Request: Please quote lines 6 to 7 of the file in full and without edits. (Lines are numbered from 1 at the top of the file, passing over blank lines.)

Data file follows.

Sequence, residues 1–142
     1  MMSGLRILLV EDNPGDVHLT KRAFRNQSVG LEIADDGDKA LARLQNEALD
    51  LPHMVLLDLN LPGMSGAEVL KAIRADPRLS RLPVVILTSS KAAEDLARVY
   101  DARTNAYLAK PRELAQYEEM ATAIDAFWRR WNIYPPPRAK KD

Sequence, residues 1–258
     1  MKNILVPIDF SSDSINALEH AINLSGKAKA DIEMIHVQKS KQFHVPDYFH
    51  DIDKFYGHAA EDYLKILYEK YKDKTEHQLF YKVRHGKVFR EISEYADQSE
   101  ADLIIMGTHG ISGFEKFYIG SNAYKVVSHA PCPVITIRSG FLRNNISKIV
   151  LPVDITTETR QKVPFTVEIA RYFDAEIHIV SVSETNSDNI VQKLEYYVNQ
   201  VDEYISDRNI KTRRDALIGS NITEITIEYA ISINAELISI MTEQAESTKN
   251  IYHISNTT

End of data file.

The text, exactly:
     1  MKNILVPIDF SSDSINALEH AINLSGKAKA DIEMIHVQKS KQFHVPDYFH
    51  DIDKFYGHAA EDYLKILYEK YKDKTEHQLF YKVRHGKVFR EISEYADQSE